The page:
ICYMI: As Part of the Biden-Harris Administration’s “Investing in America” Tour, U.S. Transportation Secretary Pete Buttigieg Highlights Significant Safety and Infrastructure Improvements Coming to the Southwest
In New Mexico, Secretary Buttigieg announced nearly $200 million to repair gas pipelines across the country, as well as new funding to help communities prevent deadly wildlife-vehicle collisions — a serious issue for many states across the West that costs Americans billions each year
Albuquerque, NM — This week, as part of the Biden-Harris Administration’s “Investing in America” tour, U.S. Transportation Secretary Pete Buttigieg traveled to Albuquerque, Las Cruces, and Deming, New Mexico, as well as El Paso, Texas. During his visit, the Secretary highlighted major investments from President Biden’s infrastructure package to reduce roadway fatalities and improve infrastructure across the region, including in rural and underserved communities.
Just outside of Albuquerque in the Santa Ana Pueblo, the Secretary joined U.S. Senators Martin Heinrich and Ben Ray Luján, New Mexico Governor Michele Lujan Grisham, U.S. Representative Melanie Stansbury, Santa Ana Pueblo Governor Nathan Garcia, and other state and local leaders, to announce a first-of-its-kind program to construct new wildlife crossings along the nation’s roadways that will prevent wildlife-vehicle crashes and reduce fatalities on our roadways. Around 1 million wildlife-vehicle collisions occur annually — costing the U.S. over $8 billion and resulting in tens of thousands of serious injuries and hundreds of fatalities.
The Secretary also joined first responders, local transportation officials, and community members at a local fire station to discuss how to make New Mexico’s roads safer, especially for pedestrians. As part of that effort, the U.S. Department of Transportation recently awarded Bernalillo County $6.3 million from the new Safe Streets and Roads for All program for improvements along an especially dangerous and deadly stretch of Albuquerque’s Coors Boulevard.
In the rural community of Deming, Secretary Buttigieg joined members of the Congressional Hispanic Caucus, including Chair Nanette Barragán, U.S. Representative Gabe Vasquez, U.S. Senator Ben Ray Luján, and other local leaders to highlight how the Bipartisan Infrastructure Law is investing in communities that have been previously left behind.
And in the City of Las Cruces, Secretary Buttigieg announced funding for 37 projects in 19 states through the Natural Gas Distribution Infrastructure Safety and Modernization grant program — established by President Biden’s infrastructure law — to repair and modernize gas pipelines to keep residents safe from gas leaks and reduce methane emissions while creating jobs. Las Cruces, specifically, received $10 million through the program.
For his last stop in New Mexico, Secretary Buttigieg met with students at New Mexico State University for a conversation with NMSU Chancellor Arvizu and others about the future of jobs and infrastructure in the state.
To cap off his visit to the Southwest, Secretary Buttigieg stopped by the El Paso International Airport alongside U.S. Congresswoman Veronica Escobar, where they toured FAA’s Air Traffic Control Tower, which is over 60 years old and is being replaced in part thanks to a $5 million grant from the Bipartisan Infrastructure Law. While at the airport, Secretary Buttigieg also met with air traffic controllers and hosted a roundtable with local leaders and advocates about the future of transportation in El Paso, TX.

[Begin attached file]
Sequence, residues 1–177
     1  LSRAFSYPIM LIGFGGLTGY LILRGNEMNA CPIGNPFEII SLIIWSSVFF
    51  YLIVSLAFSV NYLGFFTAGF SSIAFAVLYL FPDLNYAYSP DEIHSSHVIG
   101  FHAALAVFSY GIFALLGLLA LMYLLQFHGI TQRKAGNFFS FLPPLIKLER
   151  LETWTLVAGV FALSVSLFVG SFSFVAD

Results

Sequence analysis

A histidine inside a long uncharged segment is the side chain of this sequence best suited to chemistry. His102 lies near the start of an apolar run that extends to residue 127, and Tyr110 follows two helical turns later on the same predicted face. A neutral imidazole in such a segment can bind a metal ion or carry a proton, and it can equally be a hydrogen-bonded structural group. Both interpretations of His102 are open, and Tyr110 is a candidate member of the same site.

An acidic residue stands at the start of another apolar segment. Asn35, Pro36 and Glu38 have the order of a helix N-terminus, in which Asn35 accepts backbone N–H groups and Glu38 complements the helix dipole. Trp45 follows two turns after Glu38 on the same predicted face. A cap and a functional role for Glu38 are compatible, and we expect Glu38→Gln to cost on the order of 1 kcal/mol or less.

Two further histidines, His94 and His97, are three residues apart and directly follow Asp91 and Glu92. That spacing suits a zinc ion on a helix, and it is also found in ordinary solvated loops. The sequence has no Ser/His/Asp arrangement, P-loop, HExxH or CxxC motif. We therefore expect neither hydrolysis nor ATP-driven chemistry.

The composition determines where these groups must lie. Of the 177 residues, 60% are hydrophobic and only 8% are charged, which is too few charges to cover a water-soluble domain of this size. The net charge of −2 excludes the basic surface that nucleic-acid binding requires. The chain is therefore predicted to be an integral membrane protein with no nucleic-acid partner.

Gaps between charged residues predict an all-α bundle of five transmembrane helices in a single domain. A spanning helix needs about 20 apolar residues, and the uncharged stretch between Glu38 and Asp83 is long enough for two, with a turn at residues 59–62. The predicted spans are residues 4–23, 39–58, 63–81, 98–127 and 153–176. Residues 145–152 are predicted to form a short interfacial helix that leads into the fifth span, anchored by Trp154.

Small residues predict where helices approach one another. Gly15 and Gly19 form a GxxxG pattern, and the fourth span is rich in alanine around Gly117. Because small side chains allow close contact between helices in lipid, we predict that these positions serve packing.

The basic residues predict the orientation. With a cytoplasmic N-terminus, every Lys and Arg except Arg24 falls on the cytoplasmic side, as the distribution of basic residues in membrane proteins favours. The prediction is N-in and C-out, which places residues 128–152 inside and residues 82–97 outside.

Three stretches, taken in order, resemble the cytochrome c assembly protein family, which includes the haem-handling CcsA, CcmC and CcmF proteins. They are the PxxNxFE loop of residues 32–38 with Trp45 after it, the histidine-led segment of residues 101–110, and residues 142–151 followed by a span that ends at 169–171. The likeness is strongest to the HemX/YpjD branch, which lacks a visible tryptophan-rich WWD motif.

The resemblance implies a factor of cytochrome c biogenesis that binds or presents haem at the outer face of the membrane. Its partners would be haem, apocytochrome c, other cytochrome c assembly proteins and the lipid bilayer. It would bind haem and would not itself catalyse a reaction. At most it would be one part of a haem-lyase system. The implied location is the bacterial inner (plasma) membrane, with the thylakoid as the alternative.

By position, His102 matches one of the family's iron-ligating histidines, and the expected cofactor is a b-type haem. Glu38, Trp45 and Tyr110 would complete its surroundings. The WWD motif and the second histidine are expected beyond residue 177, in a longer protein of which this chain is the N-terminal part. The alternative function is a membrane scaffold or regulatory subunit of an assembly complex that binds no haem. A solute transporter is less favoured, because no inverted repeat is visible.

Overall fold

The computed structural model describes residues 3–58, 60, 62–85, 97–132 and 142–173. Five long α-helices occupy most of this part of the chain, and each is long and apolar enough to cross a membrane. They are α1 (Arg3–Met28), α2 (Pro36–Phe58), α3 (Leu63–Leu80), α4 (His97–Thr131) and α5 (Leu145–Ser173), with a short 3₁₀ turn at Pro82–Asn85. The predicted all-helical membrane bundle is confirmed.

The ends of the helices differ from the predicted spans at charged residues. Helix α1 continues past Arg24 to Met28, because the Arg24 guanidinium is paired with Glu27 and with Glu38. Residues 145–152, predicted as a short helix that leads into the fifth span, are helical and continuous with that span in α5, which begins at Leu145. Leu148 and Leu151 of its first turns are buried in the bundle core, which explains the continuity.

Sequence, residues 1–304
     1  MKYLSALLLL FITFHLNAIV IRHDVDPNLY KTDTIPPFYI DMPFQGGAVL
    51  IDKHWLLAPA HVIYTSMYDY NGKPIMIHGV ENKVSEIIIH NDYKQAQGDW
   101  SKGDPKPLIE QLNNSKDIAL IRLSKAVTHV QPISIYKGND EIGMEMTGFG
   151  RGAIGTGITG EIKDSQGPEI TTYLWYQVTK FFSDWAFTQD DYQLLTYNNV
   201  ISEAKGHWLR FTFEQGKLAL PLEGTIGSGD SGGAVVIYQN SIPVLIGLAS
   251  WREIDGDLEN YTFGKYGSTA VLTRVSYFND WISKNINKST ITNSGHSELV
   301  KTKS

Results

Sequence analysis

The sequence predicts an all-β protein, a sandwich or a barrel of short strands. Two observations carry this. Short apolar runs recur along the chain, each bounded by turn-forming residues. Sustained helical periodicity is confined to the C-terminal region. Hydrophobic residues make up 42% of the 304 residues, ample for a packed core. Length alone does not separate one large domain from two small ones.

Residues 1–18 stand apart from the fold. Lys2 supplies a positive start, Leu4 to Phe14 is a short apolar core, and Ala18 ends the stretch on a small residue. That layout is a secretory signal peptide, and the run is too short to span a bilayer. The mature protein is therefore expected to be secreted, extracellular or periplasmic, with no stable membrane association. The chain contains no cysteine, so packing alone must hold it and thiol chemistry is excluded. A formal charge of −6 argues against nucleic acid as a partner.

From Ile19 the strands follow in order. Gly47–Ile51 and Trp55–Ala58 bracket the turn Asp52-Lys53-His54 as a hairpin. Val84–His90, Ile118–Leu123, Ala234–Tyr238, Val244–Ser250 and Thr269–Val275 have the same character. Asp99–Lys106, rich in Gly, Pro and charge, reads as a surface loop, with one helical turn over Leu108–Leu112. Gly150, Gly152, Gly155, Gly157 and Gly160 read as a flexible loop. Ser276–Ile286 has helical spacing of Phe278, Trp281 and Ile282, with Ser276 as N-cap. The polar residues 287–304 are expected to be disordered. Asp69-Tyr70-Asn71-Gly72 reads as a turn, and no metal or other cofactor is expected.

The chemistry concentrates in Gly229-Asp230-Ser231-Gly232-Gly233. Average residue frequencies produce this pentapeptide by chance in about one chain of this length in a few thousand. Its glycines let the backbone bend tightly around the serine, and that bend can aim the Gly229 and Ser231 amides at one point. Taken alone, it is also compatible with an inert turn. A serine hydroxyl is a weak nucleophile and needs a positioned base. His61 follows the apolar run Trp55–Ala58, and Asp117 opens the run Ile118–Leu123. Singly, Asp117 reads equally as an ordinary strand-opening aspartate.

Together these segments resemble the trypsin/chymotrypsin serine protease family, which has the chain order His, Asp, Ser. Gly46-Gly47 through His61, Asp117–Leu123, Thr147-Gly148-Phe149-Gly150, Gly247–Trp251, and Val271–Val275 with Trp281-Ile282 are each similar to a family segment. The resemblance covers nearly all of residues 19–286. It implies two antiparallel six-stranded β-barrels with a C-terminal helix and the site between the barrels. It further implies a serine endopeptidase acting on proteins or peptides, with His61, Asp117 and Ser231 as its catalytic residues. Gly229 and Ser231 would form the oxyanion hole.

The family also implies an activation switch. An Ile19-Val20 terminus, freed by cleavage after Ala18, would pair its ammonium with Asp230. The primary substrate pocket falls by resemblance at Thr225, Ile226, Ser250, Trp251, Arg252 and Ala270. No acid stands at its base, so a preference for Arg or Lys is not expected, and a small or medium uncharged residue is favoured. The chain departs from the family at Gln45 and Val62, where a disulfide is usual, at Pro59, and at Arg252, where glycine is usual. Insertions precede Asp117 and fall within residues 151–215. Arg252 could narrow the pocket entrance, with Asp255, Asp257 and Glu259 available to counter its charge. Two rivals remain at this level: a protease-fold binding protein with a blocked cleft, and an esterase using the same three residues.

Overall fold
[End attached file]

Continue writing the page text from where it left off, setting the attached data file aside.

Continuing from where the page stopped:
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“You see these unique issues like wildlife crossings, like fire risk, the unique issues that tribal communities are experiencing, they require a policy that sets a national tone and brings in national funding but engages local leaders and state leaders and tribal leaders on what makes sense for them. And New Mexico, I think, is very distinctive in reminding us of that.”
The Deming Headlight: Buttigieg highlights infrastructure in Deming visit
“The problems that we’re talking about here in our infrastructure are problems that no community can solve alone,” [Secretary Buttigieg] said. “They are national problems expressed in local concern. It’s part of a bigger pattern of under-investment from Washington that has built up over decades, that has helped to explain why rural communities have had to fight so hard to live well and had to fight so hard to hold onto their young people.”
“I think it’s important that our voices are heard, especially in smaller communities, there’s a lot of struggles we deal with that aren’t seen in urban communities,” said Jonah Madrid, an NMSU student panelist.
Santa Fe New Mexican: Buttigieg visits New Mexico to tout wildlife crossings along busy roads
“What we’re seeing is wildlife moving into new areas,” [U.S. Congresswoman Melanie Stansbury] said, “and so projects like this will help wildlife reconnect on the land to historic spaces and the spaces that will sustain them ecologically as they’re facing climate change.”
“The federal government is now delivering these generational investments that will help rebuild our economy, that will help create jobs, that will have an impact right here in rural New Mexico,” [U.S. Congressman Gabe Vasquez] said.
The Las Cruces Bulletin: Rep. Vasquez, Secretary Buttigieg visit NMSU